As far has for face lifting there are no scientific studies. Companies have taken this wound healing data and tried to equate it to normal skin. This is a stretch at best. Most of the "data" out there "regarding microcurrent facelifts" suggest skin changes after 20 days. That a one hour treatment every day for 3 weeks. Then maybe it will help.

Don't waste your money on unproven therapies. Stick to what has been proven time and again.

Christopher L. Hess, MD
Fairfax Plastic Surgeon
5.0 out of 5 stars 19 reviews

Microcurrents No Substitute for Facelift

Hi peepsey13. Although facial microcurrent treatments may sound appealing, device manufacturers have yet to develop a non-surgical procedure that can compete with surgical facelift. That's because only facelift surgery allows a plastic surgeon to physically reposition the muscles and other underlying tissues for a deep, thorough result. Some non-surgical treatments that use laser or radiofrequency energy can improve the condition of the skin and replenish diminished collagen, but these services are better options for younger patients with more mild signs of aging. If you're considering a non-surgical treatment to rejuvenate your face, consult with a board-certified plastic surgeon and choose an option that's been approved by the FDA.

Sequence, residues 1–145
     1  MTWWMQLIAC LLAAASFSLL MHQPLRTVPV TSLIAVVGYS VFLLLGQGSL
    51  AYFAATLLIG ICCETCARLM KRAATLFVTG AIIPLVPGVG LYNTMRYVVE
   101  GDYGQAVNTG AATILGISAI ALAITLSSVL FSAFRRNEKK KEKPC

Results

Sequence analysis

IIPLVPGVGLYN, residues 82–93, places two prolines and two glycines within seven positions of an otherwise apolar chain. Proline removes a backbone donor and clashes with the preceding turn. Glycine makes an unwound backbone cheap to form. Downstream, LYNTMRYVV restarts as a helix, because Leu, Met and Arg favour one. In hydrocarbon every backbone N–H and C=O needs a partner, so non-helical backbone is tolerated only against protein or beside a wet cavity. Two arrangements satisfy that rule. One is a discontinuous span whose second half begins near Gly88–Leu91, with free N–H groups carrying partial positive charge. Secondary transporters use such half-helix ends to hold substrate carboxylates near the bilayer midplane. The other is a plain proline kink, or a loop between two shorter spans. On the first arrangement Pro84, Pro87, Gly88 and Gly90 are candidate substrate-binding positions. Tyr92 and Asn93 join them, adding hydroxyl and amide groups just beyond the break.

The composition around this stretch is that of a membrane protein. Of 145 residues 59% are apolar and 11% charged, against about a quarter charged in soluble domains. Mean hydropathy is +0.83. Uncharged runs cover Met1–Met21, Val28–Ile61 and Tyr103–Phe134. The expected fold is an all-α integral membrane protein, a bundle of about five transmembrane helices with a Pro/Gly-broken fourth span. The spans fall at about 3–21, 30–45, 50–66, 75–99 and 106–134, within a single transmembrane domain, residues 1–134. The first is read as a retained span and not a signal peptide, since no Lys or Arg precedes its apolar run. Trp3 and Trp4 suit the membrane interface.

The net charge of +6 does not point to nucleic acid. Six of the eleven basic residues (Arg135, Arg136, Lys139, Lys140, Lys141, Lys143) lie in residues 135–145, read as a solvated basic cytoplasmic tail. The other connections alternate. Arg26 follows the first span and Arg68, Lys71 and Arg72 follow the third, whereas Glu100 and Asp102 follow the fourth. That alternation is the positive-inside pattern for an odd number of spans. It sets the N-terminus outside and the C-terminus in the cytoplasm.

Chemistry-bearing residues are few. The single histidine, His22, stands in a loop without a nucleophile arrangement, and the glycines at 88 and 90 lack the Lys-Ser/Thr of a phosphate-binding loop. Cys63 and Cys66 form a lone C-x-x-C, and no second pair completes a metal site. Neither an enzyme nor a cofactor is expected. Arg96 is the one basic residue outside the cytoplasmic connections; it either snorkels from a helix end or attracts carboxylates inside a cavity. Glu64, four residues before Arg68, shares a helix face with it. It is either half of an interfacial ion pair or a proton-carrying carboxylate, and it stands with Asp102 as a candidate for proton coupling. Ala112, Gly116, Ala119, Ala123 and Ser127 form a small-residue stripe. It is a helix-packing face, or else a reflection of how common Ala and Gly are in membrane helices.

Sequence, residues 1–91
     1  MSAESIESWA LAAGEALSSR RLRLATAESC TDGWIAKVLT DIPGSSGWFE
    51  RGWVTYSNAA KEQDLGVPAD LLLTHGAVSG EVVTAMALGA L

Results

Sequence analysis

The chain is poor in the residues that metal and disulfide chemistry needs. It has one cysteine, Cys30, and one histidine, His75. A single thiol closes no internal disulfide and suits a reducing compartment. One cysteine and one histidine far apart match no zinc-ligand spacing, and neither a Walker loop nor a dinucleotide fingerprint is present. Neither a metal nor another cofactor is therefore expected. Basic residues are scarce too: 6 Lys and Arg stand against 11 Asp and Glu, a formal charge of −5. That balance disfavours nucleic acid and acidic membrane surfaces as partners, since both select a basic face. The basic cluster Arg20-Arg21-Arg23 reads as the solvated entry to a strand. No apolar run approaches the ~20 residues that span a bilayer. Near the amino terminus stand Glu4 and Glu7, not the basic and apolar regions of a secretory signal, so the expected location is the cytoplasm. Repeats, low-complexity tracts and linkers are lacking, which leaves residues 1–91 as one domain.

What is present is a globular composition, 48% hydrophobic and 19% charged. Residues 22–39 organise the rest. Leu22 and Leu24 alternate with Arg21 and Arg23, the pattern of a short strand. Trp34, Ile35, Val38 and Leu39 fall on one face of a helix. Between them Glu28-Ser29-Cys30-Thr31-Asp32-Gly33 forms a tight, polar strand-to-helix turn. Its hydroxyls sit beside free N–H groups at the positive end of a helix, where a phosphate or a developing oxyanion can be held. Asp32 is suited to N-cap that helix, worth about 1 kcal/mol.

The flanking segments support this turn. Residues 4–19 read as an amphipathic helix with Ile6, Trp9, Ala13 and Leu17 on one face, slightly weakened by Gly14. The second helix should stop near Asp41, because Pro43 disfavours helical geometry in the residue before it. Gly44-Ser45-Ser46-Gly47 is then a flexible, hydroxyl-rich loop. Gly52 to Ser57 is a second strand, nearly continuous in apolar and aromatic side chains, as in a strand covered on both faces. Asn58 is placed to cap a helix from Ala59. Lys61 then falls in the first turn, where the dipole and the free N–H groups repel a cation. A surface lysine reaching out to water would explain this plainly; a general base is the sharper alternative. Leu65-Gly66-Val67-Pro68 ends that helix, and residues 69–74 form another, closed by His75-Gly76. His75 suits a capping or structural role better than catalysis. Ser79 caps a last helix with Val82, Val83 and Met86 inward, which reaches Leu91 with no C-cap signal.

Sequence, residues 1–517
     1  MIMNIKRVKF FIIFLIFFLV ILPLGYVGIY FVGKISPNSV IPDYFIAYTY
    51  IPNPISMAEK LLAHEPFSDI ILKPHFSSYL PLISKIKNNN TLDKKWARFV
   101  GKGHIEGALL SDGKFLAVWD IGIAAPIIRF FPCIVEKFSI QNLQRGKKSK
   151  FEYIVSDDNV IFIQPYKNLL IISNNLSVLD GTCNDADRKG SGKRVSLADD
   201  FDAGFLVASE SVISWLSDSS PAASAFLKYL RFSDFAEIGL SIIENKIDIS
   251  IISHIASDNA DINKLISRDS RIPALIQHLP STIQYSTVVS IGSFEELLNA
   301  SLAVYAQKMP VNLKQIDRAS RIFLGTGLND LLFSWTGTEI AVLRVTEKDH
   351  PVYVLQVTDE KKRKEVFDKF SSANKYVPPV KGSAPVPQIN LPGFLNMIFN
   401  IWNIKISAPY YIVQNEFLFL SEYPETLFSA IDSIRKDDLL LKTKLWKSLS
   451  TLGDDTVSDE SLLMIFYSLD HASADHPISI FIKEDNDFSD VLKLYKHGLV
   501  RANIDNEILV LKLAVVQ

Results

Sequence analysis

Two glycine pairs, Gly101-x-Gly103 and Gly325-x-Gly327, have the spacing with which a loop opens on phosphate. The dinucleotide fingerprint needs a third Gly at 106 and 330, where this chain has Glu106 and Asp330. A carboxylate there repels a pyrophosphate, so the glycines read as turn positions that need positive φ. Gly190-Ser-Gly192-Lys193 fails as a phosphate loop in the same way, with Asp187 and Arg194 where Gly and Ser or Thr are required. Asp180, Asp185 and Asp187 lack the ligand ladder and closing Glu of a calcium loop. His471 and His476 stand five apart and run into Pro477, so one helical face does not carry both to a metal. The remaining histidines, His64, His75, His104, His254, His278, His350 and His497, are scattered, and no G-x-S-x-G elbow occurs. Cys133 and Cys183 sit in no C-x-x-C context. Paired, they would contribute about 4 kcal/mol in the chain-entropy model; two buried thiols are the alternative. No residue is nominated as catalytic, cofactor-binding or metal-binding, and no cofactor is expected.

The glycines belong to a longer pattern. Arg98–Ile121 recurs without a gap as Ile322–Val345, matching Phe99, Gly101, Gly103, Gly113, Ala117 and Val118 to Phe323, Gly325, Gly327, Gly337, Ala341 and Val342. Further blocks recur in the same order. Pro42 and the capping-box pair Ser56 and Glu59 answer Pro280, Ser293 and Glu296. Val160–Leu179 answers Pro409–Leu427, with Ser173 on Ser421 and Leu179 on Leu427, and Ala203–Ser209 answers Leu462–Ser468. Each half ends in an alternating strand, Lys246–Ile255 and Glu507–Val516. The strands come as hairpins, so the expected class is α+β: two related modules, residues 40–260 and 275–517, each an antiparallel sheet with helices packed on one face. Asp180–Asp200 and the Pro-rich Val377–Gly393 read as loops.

Shim Ching, MD
Honolulu Plastic Surgeon
5.0 out of 5 stars 15 reviews

Facial Microcurrent and facelifts

The idea of micro-current and electrical stimulation to the facial muscles to "firm up" or tighten the face does not work. It is a scam to call it a non surgical facelift, it isn't. The facial muscles are not striated muscles. They do not hypertrophy, grow or get bigger with stimulation or exercise. Your eyelids aren't bulging with muscles because you are blinking 25,000 times a day. Please consult a board certifidied facial plastic /plastic surgeon to be evaluated.

James Shire, MD
Chattanooga Facial Plastic Surgeon
5.0 out of 5 stars 1 review

Facelift Options

There are certainly options for you when researching facelift procedures. My suggestion is to consult with a board certified facial plastic surgeon or board certified plastic surgeon. In this consultation, you should be able to determine what will provide you with your desired results.

Ross A. Clevens, MD
Melbourne Facial Plastic Surgeon
4.5 out of 5 stars 38 reviews

Only Facelift Works Like a Facelift

Thanks for your question. At present, there is no non-surgical equivalent to facelift surgery, although skin tightening treatments such as the one you've described can yield some results for people with more mild facial aging. Be sure to do your research before undergoing any cosmetic treatment, and be wary of a procedure or product that claims to offer facelift-quality results without surgery. Instead, choose a treatment that's been thoroughly researched, and be sure to undergo it at the office of an experienced plastic surgeon or dermatologist. Good luck!

Howard Silverman, MD, FRCSC
Ottawa Plastic Surgeon
4.5 out of 5 stars 7 reviews

These answers are for educational purposes and should not be relied upon as a substitute for medical advice you may receive from your physician. If you have a medical emergency, please call 911. These answers do not constitute or initiate a patient/doctor relationship.